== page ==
Hi Marblehead, Thanks for posting this. I still have something to say about this as I had been holding back in the previous discussion which started off on an odd premise suggesting that the sage was not a sage To me, this chapter is about integrity - it is about the ideal of being and acting as the role model we think others should follow rather than sinking to the level of those who obviously don't know better. I should add on a personal note that this advice is not always easy to follow Edit: typo
  9. Hi Everything, I don't see anything resembling a personality disorder. To me, this says that the sage doesn't do prejudice, but simply (continues) to act through example, as a role model (even if others don't). I can think many great human rights struggling leaders who fit this category: Mohandas Karamchand Gandhi and Martin Luther King Jr. immediately spring to mind.
  10. [TTC Study] Chapter 48 of the Tao Teh Ching

    Thanks for starting the thread and providing the translations. IMO the part about doing nothing leading to nothing undone is too often misunderstood as a call for inaction. This is a great vice because whereas doing nothing surely implies that no consequences will ensue of the action not taken it is not the same as to say that no action should be preferable to action. Very elegant in the formulation across the translations - and (I suppose) in the chinese originals as well
  11. Can the taosit faith heal you?

    IMO Taoism is a matter of philosophy rather than one of faith. Sure, by practicing it one gains experience and insights, and this in turn helps shape ones opinions. Yet, this has very little to do with faith as in organized religion. (unless, of course, for those who treat Taoism as a religion rather than as a methoed of observing, questioning and drawing conclusions on the Way).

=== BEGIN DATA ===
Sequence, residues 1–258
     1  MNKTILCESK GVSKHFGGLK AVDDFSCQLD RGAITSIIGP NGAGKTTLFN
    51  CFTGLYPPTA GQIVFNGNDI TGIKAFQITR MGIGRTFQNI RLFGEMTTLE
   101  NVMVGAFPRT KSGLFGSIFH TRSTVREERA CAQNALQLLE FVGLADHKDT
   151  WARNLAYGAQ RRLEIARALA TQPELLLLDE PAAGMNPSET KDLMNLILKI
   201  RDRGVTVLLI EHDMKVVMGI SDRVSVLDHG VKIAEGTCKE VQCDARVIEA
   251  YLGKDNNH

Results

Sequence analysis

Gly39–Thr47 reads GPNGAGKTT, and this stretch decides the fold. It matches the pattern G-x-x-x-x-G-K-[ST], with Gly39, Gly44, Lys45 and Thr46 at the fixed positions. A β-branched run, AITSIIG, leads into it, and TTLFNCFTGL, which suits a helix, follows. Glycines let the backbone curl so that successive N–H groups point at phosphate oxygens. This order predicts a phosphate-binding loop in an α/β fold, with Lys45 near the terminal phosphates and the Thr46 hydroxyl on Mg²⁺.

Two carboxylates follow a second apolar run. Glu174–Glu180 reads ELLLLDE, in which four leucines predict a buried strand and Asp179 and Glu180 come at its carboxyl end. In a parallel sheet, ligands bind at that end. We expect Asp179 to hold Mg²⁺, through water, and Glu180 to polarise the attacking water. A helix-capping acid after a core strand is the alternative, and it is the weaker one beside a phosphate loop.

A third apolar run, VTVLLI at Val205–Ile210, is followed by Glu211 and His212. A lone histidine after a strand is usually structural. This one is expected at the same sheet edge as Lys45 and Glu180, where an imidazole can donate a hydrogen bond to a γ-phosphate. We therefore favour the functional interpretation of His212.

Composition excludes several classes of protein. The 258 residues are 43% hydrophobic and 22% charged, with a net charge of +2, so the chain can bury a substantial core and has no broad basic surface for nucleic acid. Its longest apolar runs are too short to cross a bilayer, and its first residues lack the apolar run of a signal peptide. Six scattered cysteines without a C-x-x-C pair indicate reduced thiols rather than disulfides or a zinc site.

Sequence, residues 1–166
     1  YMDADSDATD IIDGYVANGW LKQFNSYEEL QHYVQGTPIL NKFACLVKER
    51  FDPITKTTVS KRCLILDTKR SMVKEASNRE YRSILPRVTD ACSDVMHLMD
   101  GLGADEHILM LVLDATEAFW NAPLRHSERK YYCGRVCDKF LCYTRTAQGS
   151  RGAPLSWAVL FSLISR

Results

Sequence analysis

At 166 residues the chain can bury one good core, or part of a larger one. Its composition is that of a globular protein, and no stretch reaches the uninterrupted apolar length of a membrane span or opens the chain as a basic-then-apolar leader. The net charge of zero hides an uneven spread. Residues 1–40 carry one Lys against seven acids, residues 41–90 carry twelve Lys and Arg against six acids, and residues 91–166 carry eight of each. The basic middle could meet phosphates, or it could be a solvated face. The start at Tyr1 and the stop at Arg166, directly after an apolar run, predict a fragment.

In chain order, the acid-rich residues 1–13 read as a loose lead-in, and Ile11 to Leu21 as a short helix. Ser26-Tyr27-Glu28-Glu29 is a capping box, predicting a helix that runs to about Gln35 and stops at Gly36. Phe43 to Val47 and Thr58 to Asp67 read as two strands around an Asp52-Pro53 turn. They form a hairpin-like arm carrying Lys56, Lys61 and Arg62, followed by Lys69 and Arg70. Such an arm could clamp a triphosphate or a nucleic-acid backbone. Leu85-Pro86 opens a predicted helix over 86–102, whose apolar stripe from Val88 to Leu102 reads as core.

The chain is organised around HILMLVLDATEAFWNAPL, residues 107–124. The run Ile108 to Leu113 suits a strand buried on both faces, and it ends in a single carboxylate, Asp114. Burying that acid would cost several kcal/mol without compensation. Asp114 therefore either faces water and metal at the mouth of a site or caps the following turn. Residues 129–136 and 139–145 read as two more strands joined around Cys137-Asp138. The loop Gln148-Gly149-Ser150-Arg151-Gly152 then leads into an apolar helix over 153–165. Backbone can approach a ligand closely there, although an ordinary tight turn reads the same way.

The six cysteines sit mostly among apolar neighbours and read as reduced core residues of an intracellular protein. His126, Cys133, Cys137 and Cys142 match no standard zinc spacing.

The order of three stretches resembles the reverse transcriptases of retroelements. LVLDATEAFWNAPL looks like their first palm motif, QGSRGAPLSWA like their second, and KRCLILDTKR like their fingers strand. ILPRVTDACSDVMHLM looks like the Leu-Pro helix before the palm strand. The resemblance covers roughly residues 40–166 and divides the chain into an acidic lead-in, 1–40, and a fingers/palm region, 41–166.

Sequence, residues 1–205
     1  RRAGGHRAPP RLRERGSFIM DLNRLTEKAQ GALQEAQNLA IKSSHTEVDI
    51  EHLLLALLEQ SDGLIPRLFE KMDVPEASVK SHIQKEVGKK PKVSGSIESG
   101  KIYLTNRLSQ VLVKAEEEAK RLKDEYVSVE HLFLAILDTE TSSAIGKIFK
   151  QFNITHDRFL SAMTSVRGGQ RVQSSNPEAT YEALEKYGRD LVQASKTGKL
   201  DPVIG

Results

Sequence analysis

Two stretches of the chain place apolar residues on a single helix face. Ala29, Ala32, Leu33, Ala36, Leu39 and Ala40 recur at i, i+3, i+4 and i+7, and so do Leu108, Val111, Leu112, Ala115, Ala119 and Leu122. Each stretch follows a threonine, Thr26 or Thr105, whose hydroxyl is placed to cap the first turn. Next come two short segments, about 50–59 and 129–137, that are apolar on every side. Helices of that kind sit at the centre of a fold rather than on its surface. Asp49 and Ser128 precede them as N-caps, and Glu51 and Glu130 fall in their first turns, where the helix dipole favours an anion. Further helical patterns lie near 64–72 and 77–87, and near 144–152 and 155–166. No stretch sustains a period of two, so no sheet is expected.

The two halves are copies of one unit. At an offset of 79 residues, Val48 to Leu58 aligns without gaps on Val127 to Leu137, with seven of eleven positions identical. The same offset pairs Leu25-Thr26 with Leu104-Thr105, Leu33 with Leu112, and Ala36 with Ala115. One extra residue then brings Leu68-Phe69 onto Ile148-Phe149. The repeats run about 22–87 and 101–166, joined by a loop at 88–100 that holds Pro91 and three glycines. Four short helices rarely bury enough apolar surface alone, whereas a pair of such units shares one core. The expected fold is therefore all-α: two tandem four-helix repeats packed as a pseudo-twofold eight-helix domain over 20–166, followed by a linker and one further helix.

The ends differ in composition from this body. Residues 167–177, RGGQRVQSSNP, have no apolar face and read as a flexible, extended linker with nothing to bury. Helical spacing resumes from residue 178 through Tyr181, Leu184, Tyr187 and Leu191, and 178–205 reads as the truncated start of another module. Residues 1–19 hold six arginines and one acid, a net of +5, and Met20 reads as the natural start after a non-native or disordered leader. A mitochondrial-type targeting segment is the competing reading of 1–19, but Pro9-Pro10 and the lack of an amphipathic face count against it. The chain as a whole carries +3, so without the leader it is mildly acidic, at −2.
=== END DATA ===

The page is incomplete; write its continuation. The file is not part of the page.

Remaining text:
12. Hi Friends, I was wondering if Sun Lu Tang's books in Chinese are available online and if so, where one might find them? If any of you know of this, I would greatly appreciate to hear from you. Thank you.
  13. Liu Da Dao

    Hi wan qiang, There are many castles in the sky. If I remember correctly, John Chang could survive any type of car crash at will and dodge bullets by 'catching them with stomach'. If you want to learn about "taoist alchemy" there are many books out there. Don't get me wrong: meditating is a great thing and I do it too, but there are better sources of inspiration than the Magus of Java. I just want to warn you that you're currently on a wild goose chase. Maybe, if you could let people know what you are hoping to achieve you will receive more useful pointers. Just a thought and piece of advice that you might find useful even though it didn't answer your question.
  14. I don't know Jenny Lamb's variant, but I would be surprised if it is not as great as the next one. As you quote her saying: What's important is to stick to one and do it until you can to it while sleepwalking. After you have learned one to this extent, try the next variant or new system. Also, you should seek criticism on how your doing a form compares to how it should be done. Make sure that you get every detail right - chances are that you think you do, but you overlooked a couple of things... NB Being good at qigong or tai chi does not necessarily make you a better taoist. Happy training.
  15. With the word 'labor' I meant childbirth - not work... Here's an example of a charity that helps women who barely survived it in the developing world and who suffer tremendously as a result of not having technology available to during labor (i.e. childbirth): Also, w.r.t. eating rice, etc. as opposed to meat does ensure against the animals in question from suffering. So, we could all eat mushrooms instead collected from the forest. Sure, but you can't feed 5-7 billion people forest mushrooms - even if there had never been any deforestation. Finally, the liver thing is indeed my own - turns out my great grandmother died from the same thing in her mid-forties - the root of it turns out to be a milk allergy that causes internal clogging of the bile system. Be well.